4
$\begingroup$

How can you prove that $$ \lim_\limits{x \to \infty} x(\sqrt{x^2+1}-x) = \frac{1}{2} \text{ ?}$$

I can not find a way to calculate this.

This is one idea: $$ \lim_{x \to \infty} x(\sqrt{x^2+1}-x) \approx \lim_\limits{x \to \infty} x(\sqrt{x^2}-x) = 0 $$ but that is wrong.

$\endgroup$
4

1 Answer 1

3
$\begingroup$

Hint: Here is another idea $$\lim_{x \to \infty} \frac{x (x^2 +1 - x^2)}{\sqrt{x^2 +1} + x} =\lim_{x \to \infty} \frac{x}{\sqrt{x^2 +1} + x} = \lim_{x \to \infty} \frac{1}{\sqrt{1 +\frac{1}{x^2}} + 1} = \ldots$$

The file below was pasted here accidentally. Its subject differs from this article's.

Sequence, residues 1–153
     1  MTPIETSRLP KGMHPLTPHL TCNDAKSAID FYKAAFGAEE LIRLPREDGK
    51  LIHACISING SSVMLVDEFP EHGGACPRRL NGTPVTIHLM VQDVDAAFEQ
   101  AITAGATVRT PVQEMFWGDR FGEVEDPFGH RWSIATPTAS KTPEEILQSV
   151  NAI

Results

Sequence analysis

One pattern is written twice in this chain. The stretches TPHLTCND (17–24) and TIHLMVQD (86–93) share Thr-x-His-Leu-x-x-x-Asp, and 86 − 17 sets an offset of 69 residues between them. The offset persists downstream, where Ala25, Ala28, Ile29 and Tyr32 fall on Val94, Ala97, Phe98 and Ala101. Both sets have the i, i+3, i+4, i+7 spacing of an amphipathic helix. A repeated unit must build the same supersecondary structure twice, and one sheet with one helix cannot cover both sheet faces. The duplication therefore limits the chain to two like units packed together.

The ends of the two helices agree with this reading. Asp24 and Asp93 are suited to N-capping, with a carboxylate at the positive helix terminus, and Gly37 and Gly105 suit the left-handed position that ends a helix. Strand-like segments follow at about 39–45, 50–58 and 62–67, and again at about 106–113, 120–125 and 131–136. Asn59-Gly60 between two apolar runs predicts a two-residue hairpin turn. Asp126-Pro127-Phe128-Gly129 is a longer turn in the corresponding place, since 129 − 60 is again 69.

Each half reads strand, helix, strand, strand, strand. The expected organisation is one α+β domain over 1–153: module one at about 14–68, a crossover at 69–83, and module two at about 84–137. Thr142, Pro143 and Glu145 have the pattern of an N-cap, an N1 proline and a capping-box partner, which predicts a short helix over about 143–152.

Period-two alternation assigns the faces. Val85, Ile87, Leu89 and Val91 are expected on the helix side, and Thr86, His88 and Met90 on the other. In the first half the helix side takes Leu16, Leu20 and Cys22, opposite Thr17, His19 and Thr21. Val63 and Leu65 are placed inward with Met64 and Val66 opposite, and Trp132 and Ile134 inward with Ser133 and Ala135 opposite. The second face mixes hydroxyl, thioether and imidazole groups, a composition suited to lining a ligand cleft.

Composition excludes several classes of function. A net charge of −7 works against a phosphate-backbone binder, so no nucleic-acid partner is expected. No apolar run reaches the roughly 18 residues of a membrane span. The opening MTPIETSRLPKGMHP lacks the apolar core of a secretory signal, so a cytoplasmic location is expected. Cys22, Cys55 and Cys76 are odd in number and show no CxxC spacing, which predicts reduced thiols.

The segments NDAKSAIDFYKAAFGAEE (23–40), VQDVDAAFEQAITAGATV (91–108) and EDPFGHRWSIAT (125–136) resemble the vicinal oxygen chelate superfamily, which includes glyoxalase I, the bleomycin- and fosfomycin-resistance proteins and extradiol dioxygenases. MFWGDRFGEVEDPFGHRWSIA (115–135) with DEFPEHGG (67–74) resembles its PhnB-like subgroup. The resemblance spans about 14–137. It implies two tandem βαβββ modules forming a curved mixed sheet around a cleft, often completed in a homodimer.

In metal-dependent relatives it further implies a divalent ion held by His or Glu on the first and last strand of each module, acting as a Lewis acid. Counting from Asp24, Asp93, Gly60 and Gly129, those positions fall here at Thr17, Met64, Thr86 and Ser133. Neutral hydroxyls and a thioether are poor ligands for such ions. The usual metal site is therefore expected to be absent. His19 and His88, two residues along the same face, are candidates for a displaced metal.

$\endgroup$
1
  • $\begingroup$ If it's not clear what was done here, see Claude Leibovici's comment under the question. ${}\qquad{}$ $\endgroup$ Sep 3, 2015 at 11:39

You must log in to answer this question.

Not the answer you're looking for? Browse other questions tagged .